The End of the Great Kiosk Debacle

The LCB’s grocery-store wine dispensaries are really dead this time

If Pennsylvanians need any more proof it’s time to dismantle the state store system of wine and liquor distribution, that system’s biggest proponent kindly provided it yesterday. Even as he announced that the Liquor Control Board was abandoning its idiotically ill-conceived grocery-store kiosks, board CEO Joe Conti defended the white elephants to the death. What did he think of the kiosk experiment?

“It certainly wasn’t a failure,” he said.

Um … the facts that the machines never worked properly and that their manufacturer is suing the LCB for $81 million in damages might seem to argue otherwise?

“It didn’t end up successful,” Joe argued, “but we learned a lot.”

Oh. Gee.

The dispute between the LCB and that manufacturer, Simple Brands, is now headed to the state’s Board of Claims. That doesn’t bother Joe Conti. In fact, he told the Inquirer that one LCB case heard there took 18 years to resolve. “This won’t be quick,” Conti promised. What, him hurry? Why should he? His starting salary back in 2006 was 150 grand. In contrast, the kiosks’ death was downright hasty, with mere months between their rollout in the summer of 2010 and yesterday’s obituary.

A few weeks back, Pennsylvania’s auditor general announced that the kiosks brought in $206,060 in income, balanced against operating costs (not counting those for, say, 18 years of legal wrangling still to come) of $1,131,375. Here, I’ll do the math: Conti’s kiosks have cost the state—meaning you and me—$1.12 million more than they brought in. The AG’s report also concluded that the LCB negotiated a contract with Simple Brands that was “more advantageous to the vendor than necessary,” “overstated the convenience of the kiosks” and “lost credibility when they malfunctioned.” But they’re not a failure, Joe Conti. Oh no. Just like you’re not a failure—though in any intelligently run private enterprise, you’d be kicked to the curb for this debacle.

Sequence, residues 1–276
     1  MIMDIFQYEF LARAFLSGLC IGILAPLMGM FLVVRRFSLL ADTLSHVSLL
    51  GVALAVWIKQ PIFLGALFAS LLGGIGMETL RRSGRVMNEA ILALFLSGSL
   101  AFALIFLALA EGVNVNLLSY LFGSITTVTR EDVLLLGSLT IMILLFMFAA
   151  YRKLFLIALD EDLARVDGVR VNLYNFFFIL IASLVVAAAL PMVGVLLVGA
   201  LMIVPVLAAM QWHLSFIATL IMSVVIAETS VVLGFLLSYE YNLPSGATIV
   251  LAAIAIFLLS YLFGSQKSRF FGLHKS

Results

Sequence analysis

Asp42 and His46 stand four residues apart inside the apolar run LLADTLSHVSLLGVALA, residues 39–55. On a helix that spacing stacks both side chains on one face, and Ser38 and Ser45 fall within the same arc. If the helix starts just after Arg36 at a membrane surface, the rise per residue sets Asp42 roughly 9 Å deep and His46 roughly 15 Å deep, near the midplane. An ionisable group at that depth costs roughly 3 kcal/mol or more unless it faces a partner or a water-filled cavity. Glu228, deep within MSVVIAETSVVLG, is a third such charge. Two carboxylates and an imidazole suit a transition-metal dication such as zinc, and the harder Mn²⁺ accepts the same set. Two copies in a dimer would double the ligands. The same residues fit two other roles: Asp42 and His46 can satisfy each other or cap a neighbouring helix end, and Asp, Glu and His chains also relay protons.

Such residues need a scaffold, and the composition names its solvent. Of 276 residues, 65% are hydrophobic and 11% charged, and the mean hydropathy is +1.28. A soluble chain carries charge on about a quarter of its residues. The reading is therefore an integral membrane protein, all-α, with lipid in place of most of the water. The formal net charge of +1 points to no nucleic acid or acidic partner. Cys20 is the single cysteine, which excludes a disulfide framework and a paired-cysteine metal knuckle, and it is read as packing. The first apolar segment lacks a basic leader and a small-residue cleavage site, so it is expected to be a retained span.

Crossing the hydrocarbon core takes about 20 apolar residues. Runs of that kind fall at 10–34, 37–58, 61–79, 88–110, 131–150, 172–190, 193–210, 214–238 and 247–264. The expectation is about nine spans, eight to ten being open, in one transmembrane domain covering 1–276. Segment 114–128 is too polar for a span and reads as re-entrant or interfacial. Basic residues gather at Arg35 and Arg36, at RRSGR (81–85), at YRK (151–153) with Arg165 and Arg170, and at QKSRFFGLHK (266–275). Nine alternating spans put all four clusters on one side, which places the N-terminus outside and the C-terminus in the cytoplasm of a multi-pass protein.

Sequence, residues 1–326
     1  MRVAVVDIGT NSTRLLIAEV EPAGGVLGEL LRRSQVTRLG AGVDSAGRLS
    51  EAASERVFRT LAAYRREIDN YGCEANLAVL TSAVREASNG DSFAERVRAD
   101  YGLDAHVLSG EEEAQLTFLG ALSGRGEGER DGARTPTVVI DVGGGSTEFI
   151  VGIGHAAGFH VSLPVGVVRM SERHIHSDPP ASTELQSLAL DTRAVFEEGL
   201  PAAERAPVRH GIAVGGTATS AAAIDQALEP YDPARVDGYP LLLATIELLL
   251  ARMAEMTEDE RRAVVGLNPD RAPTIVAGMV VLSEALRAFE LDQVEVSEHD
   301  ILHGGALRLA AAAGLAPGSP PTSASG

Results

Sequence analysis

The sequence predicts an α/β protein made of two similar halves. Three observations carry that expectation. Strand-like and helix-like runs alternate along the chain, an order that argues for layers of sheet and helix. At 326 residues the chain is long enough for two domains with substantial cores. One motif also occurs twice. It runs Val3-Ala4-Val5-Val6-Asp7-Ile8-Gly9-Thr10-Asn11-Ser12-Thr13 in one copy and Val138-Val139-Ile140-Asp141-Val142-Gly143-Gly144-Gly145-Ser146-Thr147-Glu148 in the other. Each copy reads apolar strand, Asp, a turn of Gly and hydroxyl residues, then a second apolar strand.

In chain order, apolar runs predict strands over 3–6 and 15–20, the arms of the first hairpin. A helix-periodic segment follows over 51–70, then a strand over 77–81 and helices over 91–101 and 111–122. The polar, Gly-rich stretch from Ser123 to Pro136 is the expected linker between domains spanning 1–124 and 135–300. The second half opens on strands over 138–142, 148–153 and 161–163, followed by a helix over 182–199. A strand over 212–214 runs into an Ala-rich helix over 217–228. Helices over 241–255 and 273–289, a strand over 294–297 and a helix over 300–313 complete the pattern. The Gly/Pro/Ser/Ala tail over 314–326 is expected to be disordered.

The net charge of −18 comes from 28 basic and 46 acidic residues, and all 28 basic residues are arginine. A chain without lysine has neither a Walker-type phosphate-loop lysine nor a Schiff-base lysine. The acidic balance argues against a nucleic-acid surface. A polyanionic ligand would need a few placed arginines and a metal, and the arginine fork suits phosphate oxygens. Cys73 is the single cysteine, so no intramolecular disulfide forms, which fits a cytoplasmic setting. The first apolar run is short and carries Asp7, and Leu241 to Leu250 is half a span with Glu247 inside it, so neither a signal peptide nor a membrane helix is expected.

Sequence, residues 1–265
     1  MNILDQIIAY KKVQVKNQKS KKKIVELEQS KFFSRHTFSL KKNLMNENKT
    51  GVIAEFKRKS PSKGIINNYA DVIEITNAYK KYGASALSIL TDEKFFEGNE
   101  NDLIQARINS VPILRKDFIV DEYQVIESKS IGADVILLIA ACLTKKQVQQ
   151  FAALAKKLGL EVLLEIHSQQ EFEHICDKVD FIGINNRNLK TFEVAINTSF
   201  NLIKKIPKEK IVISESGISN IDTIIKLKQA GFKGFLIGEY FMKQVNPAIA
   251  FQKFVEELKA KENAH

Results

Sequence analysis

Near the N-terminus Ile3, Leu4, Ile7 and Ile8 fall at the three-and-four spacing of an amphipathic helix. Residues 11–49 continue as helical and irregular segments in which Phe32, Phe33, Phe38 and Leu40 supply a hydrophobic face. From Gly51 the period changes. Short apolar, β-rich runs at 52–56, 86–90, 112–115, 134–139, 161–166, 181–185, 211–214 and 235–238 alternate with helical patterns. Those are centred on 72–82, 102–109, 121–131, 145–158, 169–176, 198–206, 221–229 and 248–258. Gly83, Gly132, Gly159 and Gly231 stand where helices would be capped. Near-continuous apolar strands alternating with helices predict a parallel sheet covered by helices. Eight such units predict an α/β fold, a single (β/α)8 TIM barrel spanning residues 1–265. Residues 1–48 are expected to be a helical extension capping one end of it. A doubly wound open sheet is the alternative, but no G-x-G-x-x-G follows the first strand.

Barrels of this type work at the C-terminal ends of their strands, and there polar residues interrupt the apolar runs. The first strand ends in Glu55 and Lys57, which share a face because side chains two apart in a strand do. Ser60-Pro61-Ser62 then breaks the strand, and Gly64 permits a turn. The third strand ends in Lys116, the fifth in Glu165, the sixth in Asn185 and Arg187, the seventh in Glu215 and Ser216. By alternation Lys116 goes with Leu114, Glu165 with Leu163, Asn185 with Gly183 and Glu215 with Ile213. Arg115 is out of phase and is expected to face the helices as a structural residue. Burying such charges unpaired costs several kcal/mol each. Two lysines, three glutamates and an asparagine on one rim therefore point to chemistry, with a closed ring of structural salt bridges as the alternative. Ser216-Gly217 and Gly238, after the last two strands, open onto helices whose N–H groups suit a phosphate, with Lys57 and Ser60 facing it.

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  • http://www.cetworld.com Lawrence Dvorchik

    As someone who has spent the last 16 years in the self-service kiosk industry, it saddens me that this project was doomed from the start. It was never truly put out to RFP, as the majority of the leading suppliers in the self-service kiosk industry were never contacted, nor submitted RFP’s for this program.

    This program had – and still has – the potential to be successful, and make it more effecient for consumers to purchase alcohol. But it needs to be overhauled by a company that has the experience and know how to do that. And none of those companies were ever contacted for this project.

    The “lessons learned” mentioned in the article did not have to be – many of these issues are commonplace for experienced suppliers of self-service kiosks. A little more research and foresight and most of the problems could have been averted